Background: Anorexia nervosa (AN) is a serious mental disorder with a multifactorial etiopathogenesis, adolescent girls being especially vulnerable. Parents can be a resource and occasionally a burden when their children suffer from AN; thus, parents play a key role in recovery. This study focused on parental illness theories of AN and how parents negotiate their responsibilities. Methods: To gain insights into this dynamic, 14 parents (11 mothers, 3 fathers) of adolescent girls were interviewed. Qualitative content analysis was used to provide an overview of the parents' assumed causes for their children's AN. We also looked for systematic differences in the assumed causes among different groups of parents (e.g., high versus low self-efficacy). A microgenetic positioning analysis of two mother-father dyads provided further insight into how they viewed the development of AN in their daughters. Results: The analysis stressed the overall helplessness of parents and their strong need to understand what was going on. Parents differed in stressing internal and external causes, which influenced whether they felt responsible and how much they felt in control and able to help. Conclusions: Analysing the variability and dynamics shown can support therapists, especially those working systemically to change the narratives within families for better therapy compliance and outcomes.

Anorexia Nervosa in Adolescence: Parental Narratives Explore Causes and Responsibilities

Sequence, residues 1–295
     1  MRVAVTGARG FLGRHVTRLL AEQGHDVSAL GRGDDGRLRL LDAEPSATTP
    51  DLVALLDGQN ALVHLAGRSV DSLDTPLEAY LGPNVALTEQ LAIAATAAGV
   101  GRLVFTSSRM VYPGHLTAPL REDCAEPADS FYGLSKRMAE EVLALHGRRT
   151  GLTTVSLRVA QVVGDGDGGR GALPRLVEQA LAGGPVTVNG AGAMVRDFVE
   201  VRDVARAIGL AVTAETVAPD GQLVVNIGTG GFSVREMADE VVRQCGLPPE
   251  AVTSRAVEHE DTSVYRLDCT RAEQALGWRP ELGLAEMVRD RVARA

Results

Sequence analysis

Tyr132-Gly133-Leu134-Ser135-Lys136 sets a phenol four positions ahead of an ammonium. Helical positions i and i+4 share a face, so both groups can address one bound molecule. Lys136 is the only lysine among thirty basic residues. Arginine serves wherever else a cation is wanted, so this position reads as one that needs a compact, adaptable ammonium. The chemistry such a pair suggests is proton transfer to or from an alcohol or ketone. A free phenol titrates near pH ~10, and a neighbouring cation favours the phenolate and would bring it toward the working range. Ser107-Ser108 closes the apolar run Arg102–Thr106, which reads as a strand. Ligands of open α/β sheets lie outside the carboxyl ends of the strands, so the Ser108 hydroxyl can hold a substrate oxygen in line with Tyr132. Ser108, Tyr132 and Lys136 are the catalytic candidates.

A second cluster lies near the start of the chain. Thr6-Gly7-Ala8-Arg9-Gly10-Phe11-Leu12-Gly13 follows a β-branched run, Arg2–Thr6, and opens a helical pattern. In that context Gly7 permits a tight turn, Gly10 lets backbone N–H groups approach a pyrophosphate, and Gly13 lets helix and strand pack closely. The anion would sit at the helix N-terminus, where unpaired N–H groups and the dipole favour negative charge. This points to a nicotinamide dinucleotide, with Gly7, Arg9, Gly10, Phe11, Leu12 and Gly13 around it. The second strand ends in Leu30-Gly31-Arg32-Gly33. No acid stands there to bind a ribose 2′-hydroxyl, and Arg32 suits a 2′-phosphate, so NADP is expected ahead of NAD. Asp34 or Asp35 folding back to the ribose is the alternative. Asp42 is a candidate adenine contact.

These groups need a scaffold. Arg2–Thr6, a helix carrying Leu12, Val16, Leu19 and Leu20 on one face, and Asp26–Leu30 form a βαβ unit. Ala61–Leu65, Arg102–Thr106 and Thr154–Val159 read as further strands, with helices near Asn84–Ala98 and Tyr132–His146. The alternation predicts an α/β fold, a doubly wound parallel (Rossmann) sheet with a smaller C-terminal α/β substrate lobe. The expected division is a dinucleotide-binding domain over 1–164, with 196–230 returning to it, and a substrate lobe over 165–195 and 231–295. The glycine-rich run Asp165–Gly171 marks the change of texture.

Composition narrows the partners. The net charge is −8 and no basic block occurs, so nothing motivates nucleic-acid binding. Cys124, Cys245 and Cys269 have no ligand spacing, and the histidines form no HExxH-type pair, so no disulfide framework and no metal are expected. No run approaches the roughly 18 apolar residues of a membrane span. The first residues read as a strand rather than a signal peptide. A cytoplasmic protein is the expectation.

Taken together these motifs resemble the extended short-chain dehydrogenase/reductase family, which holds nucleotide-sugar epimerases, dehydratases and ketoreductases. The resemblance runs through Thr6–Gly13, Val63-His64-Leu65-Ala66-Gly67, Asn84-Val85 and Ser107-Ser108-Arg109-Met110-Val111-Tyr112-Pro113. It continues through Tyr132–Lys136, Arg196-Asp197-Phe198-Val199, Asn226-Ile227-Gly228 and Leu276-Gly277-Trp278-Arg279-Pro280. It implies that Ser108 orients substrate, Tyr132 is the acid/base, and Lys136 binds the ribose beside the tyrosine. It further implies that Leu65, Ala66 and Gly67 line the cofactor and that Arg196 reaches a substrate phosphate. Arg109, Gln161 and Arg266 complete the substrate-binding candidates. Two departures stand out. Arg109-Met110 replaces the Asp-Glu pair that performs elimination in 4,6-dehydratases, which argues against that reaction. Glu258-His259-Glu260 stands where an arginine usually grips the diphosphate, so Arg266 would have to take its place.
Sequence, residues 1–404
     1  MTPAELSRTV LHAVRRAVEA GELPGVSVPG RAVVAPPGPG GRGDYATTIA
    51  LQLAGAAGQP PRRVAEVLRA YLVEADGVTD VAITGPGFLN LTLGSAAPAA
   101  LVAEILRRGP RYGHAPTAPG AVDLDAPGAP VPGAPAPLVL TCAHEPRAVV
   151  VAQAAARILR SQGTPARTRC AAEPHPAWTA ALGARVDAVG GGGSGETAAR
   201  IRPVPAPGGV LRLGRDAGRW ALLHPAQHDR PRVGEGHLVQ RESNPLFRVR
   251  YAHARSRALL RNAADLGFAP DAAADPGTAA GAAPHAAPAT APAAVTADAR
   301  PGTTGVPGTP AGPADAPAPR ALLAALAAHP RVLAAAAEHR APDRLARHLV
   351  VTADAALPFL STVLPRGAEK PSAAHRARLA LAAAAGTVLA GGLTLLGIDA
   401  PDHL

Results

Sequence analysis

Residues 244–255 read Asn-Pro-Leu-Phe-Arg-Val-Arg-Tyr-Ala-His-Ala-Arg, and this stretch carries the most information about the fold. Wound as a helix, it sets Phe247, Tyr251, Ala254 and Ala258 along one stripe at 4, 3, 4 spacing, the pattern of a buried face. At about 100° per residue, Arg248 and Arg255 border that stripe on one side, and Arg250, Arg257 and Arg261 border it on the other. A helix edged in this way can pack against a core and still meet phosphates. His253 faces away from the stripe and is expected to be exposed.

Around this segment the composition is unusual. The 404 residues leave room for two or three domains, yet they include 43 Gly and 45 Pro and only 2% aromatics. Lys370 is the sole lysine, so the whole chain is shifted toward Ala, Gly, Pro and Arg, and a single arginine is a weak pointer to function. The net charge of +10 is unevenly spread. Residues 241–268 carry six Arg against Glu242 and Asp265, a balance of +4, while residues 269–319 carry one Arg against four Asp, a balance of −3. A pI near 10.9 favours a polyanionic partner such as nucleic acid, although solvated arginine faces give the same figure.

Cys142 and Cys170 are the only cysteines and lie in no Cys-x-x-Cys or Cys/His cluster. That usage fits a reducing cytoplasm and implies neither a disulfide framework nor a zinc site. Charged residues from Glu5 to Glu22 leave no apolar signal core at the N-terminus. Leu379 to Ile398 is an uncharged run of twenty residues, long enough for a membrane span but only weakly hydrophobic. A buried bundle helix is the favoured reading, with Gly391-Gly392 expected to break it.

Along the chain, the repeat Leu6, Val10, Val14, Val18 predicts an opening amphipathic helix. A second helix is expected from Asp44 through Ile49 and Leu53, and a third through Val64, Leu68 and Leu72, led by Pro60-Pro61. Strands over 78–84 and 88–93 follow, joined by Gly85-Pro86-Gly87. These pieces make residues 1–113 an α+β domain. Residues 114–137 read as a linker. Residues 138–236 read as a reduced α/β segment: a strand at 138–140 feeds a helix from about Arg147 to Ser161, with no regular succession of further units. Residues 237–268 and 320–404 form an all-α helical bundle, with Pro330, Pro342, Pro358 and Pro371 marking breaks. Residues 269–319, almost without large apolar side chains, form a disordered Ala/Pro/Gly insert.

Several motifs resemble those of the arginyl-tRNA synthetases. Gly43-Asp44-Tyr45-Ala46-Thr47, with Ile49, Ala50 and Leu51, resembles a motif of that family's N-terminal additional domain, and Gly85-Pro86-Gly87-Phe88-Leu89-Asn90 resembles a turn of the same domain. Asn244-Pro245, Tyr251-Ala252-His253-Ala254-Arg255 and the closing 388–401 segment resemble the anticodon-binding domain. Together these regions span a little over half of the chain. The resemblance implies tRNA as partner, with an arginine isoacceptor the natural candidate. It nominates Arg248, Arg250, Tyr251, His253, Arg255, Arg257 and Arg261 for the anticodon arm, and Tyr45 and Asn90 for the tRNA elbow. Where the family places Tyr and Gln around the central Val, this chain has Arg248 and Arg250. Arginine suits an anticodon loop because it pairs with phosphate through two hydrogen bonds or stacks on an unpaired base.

Carpinelli, Luna
;
Watzlawik, Meike
2023-01-01

Abstract

Background: Anorexia nervosa (AN) is a serious mental disorder with a multifactorial etiopathogenesis, adolescent girls being especially vulnerable. Parents can be a resource and occasionally a burden when their children suffer from AN; thus, parents play a key role in recovery. This study focused on parental illness theories of AN and how parents negotiate their responsibilities. Methods: To gain insights into this dynamic, 14 parents (11 mothers, 3 fathers) of adolescent girls were interviewed. Qualitative content analysis was used to provide an overview of the parents' assumed causes for their children's AN. We also looked for systematic differences in the assumed causes among different groups of parents (e.g., high versus low self-efficacy). A microgenetic positioning analysis of two mother-father dyads provided further insight into how they viewed the development of AN in their daughters. Results: The analysis stressed the overall helplessness of parents and their strong need to understand what was going on. Parents differed in stressing internal and external causes, which influenced whether they felt responsible and how much they felt in control and able to help. Conclusions: Analysing the variability and dynamics shown can support therapists, especially those working systemically to change the narratives within families for better therapy compliance and outcomes.
2023
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Utilizza questo identificativo per citare o creare un link a questo documento: https://hdl.handle.net/11386/4867065
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